But the fact remains that this was only a portion of our time on the planet. Anthropologists agree that the rest of our existence as hunter-gatherers was spent eating mostly foraged foods.
#3: Wild Meat was Lean Meat
Even if we did subsist on lots of animal flesh during the Ice Age, this flesh came from wild animals (e.g. elk, reindeer, and mammoths). These animals were forced to traverse the land and fight for their food, just like our ancestors did.
As a result, they were fit and lean (averaging 15% body fat) unlike today’s fatty domesticated animals which Mark and paleo supporters promote eating (even when trimmed, beef sirloin is still almost 40% fat).
And really, I’m being lenient when I say that humans likely ate mostly meat during the Ice Age. Anthropologists still argue about this point, some claiming that we continued our plant-predominated diet.
I think the evidence suggests that we did eat quite a bit of animal flesh and that this helped us tremendously during the harsh weather conditions, but I’m no anthropological expert.
#4: Low Fat was the Norm
Anthropologists also agree that the diet we lived on as hunter-gatherers was low in fat, staying within the 10-20% range.
Meat was a rarity (and as I already mentioned, these animals were lean) and fatty nuts and seeds were only available for part of the year. Everything else, i.e. fruits and vegetables, are low in fat.
This is very different from Mark’s recommendations of eating 50%+ of total calories from fat, most of this fat coming from animal flesh.
#5: Hunter-Gatherers Ate Meat, Pastoralists Ate Milk, Eggs, and Cheese
While it’s clear that humans have always consumed some meat, it’s also clear that we did not consume any animal by-products (e.g. dairy and eggs) until we became sedentary and began domesticating animals.
Why Mark thinks that consuming butter and cream correlates to a hunter-gatherer diet, I haven’t the foggiest.
Look to Your Anatomy
Regardless of the immense research and fact finding that has been done regarding human evolution, the simple fact remains that we were not there to witness it. We will never know for sure what really happened.
So since the past will never be fully understood, is it really a good idea to base an entire diet around what we think our ancestors consumed?
I don’t think so.
I think it is a much better idea to look at what we do know, and that’s the human body as it exists today. And it just so happens that everything we know supports a high carb lifestyle, not a low carb one.
#1: “The Currency of the Body is Glucose”
This is how Frederic phrased it during his portion of the lecture and he’s absolutely right.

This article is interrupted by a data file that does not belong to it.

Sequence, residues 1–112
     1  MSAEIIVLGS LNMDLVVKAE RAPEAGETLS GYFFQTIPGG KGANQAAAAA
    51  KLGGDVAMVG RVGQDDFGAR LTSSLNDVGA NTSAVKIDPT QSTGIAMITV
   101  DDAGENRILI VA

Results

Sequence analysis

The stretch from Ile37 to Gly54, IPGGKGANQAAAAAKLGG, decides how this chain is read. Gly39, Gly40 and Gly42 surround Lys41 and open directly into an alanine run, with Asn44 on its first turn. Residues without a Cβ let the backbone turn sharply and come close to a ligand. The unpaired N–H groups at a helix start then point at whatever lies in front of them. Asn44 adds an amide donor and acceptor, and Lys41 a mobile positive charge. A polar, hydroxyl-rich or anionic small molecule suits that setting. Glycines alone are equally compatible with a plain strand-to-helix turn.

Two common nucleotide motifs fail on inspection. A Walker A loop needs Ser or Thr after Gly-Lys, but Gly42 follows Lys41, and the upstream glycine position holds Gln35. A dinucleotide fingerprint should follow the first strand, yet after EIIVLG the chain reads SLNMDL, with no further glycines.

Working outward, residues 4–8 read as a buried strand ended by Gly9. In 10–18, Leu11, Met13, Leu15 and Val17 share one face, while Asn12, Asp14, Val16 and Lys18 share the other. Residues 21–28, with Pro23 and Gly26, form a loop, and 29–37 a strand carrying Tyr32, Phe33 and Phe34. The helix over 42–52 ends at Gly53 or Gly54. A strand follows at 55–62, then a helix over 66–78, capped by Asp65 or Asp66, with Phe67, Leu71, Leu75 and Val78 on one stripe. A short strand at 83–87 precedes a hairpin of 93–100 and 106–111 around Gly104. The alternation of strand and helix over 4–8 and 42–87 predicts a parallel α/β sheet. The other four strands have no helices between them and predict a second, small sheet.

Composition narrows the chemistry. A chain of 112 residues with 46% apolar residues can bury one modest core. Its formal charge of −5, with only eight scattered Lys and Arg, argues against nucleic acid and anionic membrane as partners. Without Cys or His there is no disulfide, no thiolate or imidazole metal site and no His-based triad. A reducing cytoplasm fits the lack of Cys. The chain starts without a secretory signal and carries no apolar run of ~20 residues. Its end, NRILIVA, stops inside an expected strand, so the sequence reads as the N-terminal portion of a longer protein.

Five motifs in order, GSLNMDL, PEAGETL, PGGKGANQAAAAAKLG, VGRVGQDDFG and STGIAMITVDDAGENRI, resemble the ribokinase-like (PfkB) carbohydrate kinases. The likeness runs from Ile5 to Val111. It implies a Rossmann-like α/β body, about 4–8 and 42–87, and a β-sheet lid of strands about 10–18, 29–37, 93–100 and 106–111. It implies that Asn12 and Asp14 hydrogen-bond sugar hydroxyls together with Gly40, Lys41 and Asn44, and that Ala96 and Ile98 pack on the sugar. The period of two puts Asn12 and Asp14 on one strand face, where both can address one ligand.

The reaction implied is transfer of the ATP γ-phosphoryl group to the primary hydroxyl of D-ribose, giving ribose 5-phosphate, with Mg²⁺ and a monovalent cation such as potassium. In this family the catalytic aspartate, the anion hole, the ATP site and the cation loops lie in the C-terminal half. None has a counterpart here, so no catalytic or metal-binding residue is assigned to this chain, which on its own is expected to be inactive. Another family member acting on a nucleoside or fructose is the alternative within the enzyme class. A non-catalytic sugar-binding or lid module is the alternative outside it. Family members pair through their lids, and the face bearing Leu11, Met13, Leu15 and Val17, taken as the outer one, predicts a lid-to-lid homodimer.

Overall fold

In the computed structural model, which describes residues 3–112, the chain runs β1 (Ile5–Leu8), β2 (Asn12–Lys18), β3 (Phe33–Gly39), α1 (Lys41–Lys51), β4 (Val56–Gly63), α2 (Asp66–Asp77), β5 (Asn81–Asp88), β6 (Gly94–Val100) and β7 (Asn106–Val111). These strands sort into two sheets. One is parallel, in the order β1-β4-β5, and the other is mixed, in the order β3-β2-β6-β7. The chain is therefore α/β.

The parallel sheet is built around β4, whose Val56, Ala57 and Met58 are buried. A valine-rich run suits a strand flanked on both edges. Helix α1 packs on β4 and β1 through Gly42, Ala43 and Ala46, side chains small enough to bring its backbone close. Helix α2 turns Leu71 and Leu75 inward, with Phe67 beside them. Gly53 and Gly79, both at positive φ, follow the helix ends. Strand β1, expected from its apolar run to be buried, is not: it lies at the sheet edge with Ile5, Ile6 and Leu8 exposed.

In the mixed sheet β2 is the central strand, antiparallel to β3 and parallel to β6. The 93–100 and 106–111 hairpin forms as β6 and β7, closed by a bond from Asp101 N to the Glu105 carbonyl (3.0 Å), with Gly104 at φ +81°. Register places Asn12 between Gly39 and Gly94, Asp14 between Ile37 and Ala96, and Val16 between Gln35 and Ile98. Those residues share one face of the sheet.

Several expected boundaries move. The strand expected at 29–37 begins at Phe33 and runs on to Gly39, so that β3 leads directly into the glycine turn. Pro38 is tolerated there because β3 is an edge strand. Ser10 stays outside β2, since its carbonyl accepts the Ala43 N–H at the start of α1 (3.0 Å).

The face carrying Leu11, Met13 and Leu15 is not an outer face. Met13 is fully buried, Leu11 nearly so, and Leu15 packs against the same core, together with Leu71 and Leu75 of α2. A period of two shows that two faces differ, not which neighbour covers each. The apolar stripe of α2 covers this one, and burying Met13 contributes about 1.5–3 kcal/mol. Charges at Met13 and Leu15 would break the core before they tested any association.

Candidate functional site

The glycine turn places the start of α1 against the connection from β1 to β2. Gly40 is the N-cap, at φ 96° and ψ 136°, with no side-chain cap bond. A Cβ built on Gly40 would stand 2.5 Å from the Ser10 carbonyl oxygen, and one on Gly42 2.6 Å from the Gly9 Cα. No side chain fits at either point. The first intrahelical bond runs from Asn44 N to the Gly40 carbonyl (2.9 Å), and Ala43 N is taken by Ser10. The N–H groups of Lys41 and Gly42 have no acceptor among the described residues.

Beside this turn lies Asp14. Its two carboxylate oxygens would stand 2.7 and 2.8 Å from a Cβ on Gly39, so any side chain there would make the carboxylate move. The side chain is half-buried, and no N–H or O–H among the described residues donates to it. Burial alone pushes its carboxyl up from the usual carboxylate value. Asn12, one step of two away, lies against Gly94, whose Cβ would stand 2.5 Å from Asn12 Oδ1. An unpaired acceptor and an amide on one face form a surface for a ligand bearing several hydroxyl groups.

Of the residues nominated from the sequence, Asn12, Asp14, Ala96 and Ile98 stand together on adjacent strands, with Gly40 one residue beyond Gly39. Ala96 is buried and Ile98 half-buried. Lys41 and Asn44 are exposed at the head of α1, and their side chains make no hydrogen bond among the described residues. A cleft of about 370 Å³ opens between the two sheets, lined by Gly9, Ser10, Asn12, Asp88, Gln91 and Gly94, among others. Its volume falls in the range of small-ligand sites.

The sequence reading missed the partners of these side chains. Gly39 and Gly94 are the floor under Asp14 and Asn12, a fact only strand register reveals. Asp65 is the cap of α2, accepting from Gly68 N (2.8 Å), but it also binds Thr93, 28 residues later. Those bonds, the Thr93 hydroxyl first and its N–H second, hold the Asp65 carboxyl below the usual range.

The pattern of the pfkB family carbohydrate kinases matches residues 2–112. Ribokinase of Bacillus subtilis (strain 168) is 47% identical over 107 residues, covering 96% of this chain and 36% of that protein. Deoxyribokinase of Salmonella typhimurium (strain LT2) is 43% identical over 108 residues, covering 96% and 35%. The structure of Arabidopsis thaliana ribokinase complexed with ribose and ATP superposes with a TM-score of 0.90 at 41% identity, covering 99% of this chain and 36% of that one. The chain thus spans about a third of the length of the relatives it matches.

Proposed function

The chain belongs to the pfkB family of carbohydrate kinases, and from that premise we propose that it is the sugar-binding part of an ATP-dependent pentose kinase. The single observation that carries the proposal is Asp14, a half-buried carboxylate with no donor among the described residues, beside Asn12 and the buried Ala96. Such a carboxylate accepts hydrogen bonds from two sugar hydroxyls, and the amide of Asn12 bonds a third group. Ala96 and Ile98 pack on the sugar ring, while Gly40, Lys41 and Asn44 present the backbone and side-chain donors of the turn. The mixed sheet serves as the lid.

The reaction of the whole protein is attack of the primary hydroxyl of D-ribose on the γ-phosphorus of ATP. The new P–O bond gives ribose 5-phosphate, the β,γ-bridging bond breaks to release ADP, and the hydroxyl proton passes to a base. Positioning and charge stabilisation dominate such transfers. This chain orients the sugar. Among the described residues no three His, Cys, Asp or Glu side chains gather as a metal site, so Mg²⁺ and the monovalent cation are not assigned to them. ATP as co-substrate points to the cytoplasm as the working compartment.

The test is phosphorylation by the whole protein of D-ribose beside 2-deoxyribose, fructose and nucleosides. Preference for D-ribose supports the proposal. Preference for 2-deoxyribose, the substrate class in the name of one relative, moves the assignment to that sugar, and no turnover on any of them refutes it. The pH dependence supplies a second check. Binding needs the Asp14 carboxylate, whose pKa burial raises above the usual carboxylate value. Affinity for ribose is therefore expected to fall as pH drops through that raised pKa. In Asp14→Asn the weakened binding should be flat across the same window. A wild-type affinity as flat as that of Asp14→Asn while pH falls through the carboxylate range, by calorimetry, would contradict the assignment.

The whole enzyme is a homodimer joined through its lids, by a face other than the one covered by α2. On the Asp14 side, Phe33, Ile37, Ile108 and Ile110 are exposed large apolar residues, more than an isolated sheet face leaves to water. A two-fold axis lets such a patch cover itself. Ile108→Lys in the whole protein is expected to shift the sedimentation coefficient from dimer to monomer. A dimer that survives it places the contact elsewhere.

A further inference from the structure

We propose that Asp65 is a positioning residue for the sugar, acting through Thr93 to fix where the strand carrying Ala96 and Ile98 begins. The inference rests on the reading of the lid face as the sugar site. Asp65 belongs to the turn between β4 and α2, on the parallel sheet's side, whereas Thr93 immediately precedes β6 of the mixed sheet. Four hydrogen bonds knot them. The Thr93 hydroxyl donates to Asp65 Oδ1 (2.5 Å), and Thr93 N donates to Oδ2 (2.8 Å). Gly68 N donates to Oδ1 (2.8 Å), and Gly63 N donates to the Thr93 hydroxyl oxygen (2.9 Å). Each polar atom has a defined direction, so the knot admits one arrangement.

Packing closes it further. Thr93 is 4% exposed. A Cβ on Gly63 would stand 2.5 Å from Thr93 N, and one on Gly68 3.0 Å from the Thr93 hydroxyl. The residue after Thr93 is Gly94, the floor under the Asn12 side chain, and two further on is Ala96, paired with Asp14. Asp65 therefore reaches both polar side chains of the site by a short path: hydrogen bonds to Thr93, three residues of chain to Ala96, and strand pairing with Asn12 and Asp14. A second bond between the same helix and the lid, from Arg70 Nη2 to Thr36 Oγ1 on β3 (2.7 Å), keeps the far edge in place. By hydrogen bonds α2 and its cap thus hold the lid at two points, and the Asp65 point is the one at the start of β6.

Your whole body runs on carbohydrates, specifically the simple sugar glucose. Everything you eat has to be converted to sugar for you to fully digest it.
This fact alone completely plunders the low carb argument. But there’s more…
#2: You Are Not a Carnivore
Nothing about your anatomy or physiology suggests that the optimal food for you is meat.
Quite the opposite, in fact. Your flat teeth, flat nails, long digestive tract, and inability to produce vitamin C practically scream that the foods which support you best are plant-based.
#3: A Meat-Heavy Diet Causes Cancer
The research is clear. If you want to avoid common cancers (e.g. colon cancer, rectum cancer, breast cancer, and prostate cancer) and other diseases of affluence (e.g. heart disease and diabetes), you have to limit your consumption of animal products.
#4: Ever Experience Withdrawal Symptoms From Fresh Fruit?
When a person gives up animal products, particularly dairy, he or she experiences withdrawal effects. Similar to when people give up alcohol, nicotine, caffeine, or cocaine, it is common to experience headaches, fatigue, runny noses, and break outs when transitioning to a meat-free diet.
And after the detox is over, their health invariably IMPROVES! If animal products were good for us, we would not see this kind of negative reaction or the positive results that follow when we eliminate them from our diet.
#5: Ketosis is a Last Resort
Frederic also pointed this out during his lecture. Ketosis is a process by which your body burns its own stored fat for fuel. This is a way for your body to avoid consuming its own vital organs for as long as possible during times of famine. This is specifically why people can fast for long periods of time without keeling over.
Purposely entering into ketosis, which is what Mark’s low carb diet forces the body to do, is not advantageous. Ketosis is a survival mechanism, necessary in times of famine, and should not be viewed as a viable weight loss or health strategy.
Human beings thrive on whole food carbohydrates, not fatty meats. These are the foods your ancestors thrived on and these are the foods your body thrives on today.
Go raw and be fit,
P.S. I just want to add that Frederic did a FANTASTIC job defending the high carb, low fat lifestyle! And I’m not just saying that because his book was the one that convinced me to give raw a second chance. He was obviously very well prepared and made many excellent points during his lecture.
Great job, Frederic! We need more well-spoken fruit defenders like you.
P.P.S And HAPPY VALENTINE’S DAY! I hope you have someone special to share it with.